For some people the election is touching on old feelings stirred up in 2016. For many people the feelings of uncertainty around how the election will unfold during an already uncertain time is overwhelming. …


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Although gyms are opening back up in New York City and other places, many folks are still preparing to invest in a home practice. I have elected to do so because I don’t feel comfortable being around lots of people yelling and exhaling hard even in masks; nor do I feel good about my own grunting and sharp breaths out that send whatever cooties I might be carrying out into the air. Other people who have elected to get set up to workout at home have their own reasons. I suspect some have realized during this period that at-home workouts…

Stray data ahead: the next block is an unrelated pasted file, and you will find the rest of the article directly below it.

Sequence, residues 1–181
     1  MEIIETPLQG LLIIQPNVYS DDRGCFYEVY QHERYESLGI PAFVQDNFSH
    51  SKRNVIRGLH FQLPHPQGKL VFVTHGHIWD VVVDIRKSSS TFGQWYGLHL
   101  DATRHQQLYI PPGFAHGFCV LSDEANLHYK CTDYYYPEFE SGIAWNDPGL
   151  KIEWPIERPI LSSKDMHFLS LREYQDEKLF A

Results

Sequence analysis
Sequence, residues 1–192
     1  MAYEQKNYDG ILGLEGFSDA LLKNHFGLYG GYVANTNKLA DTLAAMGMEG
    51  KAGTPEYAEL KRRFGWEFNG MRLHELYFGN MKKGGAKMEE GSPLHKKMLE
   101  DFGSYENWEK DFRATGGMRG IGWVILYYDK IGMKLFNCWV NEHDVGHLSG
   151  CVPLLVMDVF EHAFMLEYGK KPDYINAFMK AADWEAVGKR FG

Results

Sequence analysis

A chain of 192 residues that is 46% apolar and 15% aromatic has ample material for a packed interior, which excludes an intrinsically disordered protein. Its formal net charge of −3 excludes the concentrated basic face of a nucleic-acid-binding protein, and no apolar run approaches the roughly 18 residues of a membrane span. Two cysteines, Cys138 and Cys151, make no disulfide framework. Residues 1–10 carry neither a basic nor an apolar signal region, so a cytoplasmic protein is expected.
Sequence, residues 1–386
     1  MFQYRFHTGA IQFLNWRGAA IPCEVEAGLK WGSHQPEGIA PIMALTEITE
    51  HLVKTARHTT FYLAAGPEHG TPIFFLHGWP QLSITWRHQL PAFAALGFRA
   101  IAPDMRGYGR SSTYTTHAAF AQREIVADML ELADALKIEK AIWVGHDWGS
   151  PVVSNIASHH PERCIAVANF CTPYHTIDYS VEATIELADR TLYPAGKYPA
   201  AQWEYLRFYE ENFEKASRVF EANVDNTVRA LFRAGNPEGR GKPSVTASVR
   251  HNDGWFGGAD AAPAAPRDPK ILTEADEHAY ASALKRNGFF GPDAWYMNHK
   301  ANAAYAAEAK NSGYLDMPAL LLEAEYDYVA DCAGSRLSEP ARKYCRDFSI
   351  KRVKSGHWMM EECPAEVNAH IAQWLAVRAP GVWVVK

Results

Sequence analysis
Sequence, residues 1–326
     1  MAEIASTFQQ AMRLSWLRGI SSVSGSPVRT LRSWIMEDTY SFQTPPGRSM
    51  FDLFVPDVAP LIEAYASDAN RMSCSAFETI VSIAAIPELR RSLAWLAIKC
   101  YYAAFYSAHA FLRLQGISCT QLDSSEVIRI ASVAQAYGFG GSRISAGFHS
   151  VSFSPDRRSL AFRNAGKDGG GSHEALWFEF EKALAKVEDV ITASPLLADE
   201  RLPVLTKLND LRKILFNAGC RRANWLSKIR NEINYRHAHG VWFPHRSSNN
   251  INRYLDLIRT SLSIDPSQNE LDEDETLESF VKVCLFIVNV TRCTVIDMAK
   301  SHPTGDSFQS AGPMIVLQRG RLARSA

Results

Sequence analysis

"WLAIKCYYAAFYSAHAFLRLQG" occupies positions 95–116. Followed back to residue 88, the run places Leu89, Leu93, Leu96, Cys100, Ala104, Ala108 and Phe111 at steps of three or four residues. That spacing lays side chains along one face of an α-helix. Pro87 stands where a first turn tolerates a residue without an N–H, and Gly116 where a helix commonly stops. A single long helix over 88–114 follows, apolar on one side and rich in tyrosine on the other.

A collection of small blue at home workout equipment on a beige rug with a beige couch in the background.
A collection of small blue at home workout equipment on a beige rug with a beige couch in the background.
Image by rob9040 from Pixabay

My work is really relevant right now and I hate that.

Maybe that sounds weird, but I am a movement-based trauma practitioner, and coronavirus has brought with it a shadow pandemic of psychological and societal trauma. The Kaiser Family Foundation conducted a poll in late April that found almost half of Americans said COVID-19 is affecting their mental health, and nineteen percent say it has had a major impact. A federal crisis helpline, The Disaster Distress Helpline, saw an 880 percent increase in calls and a 1000 percent increase in texts since this time last year. …


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By Alex Jones from Unsplash